Pilgrim Lodge was established in 1956 and has been developing Camp Pride for two years now. The idea for the camp was met with unanimous support from their ministry team.

Camp Hazen Staffer to Attend European Conference: Kath Davies, camp director at Camp Hazen YMCA in Chester, has been chosen as one of two United States delegates to attend the Eastern Platform Camp Conference sponsored by the YMCA of Europe. The conference is designed to help Eastern European countries develop overnight camping programs for YMCA facilities in Belarus, Ukraine, Russia, and Moldova, countries without a strong tradition of either overnight camping facilities or non-profit, non-government funded organizations.

The emphasis on developing a camp structure, Davies said, reflects YMCA studies that show of all the programs the Y offers, including swimming and child care, camping has the biggest impact on the kind of character development that the organization advocates.

“I’ve started to think about [the conference] because camp has not been a part of their culture. It will be a time to share ideas and to learn,” Davies said.

Running Brook Camps Wins 'Friend of the Year': Over the past 13 years Running Brook Camps has provided scholarships for their summer camp programs to Waltham Family School children. The scholarship started out with the two Waltham Family School students in 2004 and grew to 23 kids having the opportunity to attend camp in 2016. Throughout the summer of 2017, the camp will host over 30 Waltham Family School students.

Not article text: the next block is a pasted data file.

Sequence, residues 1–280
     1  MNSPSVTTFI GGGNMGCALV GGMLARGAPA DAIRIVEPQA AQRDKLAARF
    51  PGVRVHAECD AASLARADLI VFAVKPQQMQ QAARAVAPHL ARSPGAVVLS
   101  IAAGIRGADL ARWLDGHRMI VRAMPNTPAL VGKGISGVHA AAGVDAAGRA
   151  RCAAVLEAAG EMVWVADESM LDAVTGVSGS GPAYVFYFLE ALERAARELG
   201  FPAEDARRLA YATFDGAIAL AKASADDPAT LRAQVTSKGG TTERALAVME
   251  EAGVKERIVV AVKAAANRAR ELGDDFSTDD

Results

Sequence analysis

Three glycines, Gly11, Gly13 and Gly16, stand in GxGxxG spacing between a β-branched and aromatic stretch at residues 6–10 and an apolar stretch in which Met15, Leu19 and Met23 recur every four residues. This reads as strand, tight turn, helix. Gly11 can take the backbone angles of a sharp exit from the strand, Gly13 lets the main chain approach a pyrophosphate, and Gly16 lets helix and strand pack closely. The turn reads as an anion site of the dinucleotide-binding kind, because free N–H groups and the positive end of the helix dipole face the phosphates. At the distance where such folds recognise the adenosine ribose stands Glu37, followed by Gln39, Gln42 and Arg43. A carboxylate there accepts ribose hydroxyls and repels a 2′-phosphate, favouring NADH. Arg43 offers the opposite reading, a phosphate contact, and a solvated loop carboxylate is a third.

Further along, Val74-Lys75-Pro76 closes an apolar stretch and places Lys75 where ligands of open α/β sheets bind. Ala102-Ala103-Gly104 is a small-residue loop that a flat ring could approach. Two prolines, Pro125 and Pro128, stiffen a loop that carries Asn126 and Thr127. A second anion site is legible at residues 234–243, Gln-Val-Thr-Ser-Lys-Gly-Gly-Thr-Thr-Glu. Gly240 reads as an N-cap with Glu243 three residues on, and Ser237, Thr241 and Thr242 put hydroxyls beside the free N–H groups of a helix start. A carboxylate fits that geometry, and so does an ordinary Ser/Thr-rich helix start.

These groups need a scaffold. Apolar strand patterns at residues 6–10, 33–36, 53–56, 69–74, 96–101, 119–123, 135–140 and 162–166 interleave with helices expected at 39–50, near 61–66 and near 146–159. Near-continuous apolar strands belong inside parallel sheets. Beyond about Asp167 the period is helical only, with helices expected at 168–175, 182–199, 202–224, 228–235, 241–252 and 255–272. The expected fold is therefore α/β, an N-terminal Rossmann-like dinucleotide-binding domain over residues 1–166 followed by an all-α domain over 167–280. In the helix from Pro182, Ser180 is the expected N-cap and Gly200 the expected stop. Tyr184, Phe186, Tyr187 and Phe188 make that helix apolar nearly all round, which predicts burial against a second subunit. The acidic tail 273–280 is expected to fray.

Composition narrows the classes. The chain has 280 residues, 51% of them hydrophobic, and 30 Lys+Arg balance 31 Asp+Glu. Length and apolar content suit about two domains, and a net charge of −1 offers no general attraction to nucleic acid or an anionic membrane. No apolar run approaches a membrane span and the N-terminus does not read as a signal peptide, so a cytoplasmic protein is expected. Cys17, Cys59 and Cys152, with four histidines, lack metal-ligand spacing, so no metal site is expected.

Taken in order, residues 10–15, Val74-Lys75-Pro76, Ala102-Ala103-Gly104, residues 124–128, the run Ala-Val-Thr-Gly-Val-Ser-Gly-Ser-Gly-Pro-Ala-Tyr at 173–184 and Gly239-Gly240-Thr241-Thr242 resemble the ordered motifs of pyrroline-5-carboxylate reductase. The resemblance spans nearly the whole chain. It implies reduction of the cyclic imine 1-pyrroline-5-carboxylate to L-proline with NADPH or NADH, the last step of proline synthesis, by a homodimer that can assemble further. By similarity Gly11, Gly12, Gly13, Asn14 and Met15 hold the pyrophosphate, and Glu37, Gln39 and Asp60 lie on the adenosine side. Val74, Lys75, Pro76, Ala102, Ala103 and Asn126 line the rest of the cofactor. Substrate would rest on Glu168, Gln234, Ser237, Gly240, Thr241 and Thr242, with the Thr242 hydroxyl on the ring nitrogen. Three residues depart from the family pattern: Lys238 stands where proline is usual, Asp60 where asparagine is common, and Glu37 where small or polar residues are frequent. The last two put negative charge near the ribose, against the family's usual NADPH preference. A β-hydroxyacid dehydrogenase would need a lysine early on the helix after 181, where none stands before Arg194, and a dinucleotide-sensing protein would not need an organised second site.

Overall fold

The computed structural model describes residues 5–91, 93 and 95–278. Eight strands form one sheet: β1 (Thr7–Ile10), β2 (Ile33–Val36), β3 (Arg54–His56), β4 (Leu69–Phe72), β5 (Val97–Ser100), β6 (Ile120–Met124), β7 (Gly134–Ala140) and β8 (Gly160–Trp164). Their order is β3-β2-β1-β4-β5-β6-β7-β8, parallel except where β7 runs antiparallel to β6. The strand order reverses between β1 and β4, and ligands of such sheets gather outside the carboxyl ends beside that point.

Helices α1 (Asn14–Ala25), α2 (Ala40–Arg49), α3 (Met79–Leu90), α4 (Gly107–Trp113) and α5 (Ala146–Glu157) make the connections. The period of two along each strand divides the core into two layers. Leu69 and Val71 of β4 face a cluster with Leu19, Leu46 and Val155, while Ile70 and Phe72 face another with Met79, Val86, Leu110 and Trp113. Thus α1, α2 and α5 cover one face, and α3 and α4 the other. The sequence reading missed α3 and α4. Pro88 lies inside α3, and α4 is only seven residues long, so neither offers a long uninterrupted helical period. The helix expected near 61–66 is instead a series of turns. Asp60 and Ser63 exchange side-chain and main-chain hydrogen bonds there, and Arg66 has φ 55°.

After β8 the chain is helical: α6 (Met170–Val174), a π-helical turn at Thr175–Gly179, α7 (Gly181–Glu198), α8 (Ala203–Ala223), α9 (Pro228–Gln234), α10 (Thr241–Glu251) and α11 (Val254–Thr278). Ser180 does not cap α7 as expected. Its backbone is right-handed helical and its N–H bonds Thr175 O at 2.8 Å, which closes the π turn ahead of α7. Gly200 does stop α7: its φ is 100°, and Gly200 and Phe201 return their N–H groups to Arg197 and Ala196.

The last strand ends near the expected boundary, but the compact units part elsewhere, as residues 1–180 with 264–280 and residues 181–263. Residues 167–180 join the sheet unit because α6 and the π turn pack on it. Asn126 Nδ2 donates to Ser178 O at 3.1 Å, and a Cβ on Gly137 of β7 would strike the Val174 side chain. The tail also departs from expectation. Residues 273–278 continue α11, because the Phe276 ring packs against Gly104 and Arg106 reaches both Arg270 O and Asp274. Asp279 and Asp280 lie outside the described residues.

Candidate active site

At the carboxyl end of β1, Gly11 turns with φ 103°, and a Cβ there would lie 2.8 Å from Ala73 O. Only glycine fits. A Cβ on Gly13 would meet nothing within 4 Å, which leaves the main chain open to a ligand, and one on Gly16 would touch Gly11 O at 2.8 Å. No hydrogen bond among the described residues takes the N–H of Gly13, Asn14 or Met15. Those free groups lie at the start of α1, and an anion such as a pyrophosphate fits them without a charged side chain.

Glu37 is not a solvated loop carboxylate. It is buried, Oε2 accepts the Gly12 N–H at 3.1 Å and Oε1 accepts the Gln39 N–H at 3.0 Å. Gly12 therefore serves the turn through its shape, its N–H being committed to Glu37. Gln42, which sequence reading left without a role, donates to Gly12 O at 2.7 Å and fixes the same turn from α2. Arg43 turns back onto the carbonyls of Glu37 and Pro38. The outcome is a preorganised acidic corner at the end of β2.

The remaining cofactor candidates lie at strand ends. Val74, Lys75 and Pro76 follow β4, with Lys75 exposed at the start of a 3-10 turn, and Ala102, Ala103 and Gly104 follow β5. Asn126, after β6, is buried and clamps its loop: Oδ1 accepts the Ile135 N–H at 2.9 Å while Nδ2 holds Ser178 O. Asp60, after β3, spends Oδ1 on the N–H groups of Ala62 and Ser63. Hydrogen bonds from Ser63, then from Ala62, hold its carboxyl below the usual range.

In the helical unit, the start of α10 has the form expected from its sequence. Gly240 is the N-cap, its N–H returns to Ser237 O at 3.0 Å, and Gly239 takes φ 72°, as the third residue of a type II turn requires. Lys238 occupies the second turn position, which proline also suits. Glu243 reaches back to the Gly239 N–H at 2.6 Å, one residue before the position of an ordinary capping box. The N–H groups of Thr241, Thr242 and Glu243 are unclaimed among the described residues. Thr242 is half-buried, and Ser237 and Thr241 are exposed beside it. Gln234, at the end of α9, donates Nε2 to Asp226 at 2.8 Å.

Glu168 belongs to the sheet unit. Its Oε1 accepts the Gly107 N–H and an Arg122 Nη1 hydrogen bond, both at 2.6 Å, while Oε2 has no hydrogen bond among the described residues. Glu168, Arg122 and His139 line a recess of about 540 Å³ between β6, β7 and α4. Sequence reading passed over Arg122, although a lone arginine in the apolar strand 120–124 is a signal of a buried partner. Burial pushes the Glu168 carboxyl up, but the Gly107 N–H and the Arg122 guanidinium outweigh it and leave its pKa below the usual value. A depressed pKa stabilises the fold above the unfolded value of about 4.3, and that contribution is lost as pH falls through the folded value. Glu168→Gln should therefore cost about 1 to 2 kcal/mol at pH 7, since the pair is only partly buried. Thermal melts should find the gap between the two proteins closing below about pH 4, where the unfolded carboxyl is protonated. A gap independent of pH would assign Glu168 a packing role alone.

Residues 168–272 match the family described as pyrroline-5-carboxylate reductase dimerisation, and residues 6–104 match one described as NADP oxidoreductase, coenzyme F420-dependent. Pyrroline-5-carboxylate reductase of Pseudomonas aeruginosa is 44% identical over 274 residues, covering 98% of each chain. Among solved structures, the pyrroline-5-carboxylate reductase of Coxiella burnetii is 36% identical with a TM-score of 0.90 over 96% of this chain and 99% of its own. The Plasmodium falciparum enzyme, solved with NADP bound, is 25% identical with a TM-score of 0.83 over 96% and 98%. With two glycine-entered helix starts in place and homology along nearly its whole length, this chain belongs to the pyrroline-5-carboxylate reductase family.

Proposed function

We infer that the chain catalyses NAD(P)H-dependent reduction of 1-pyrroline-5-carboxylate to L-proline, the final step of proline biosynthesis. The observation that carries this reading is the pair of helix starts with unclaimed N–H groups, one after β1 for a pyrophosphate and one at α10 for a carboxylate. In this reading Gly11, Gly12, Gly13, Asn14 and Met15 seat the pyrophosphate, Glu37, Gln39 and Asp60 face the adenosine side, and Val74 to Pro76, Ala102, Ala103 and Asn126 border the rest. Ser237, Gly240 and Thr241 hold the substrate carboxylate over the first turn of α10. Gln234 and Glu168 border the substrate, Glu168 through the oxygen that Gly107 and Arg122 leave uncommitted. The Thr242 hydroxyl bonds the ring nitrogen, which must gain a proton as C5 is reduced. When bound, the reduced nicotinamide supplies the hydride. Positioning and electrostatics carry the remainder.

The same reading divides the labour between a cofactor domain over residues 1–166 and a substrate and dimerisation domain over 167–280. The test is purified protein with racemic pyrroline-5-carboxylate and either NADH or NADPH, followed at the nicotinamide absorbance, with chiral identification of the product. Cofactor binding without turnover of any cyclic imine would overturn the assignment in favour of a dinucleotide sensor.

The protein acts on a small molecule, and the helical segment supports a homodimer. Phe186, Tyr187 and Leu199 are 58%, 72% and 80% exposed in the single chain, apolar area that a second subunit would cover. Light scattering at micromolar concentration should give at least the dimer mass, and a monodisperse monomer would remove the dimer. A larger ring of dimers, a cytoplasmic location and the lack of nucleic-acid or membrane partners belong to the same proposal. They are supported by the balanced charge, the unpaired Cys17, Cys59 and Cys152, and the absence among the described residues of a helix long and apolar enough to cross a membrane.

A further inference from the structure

Running Brook Camps received the award at Waltham Family School’s annual Fiesta!. There camp director Jim Bellanca accepted the award on the camp’s behalf stating, “We are very humbled and honored to be connected with the Waltham Family School. We love kids and we know that camp is a very profound opportunity for kids to grow and make social connections.”


Beyond the Self: Camps Fostering Spiritual Growth: “A lot of it is by being a good person,” he says. “Our counselors are modeling that, and talking about it when it doesn’t happen.”

Campers give thanks for each meal, Douglass says, and each morning the camp gathers for “Morning Devotions,” a short period of contemplation modeled after Garrison Keillor’s “Writer’s Almanac.”

“We have a different theme for it, and we talk about it,” including conversations about how it connects to a “bigger picture,” Douglass says. The camp also holds “Evening Devotion,” which is not biblically based but may include poetry or song. Each Friday night, an Episcopal priest from the diocese holds traditional Eucharist service. “The kids love it,” Douglass says.

“We’re a very accepting kind of place,” Douglass says. “In general, Episcopalians are very open, and Bishopwood is a welcoming community. We’re a safe place, and we value that.”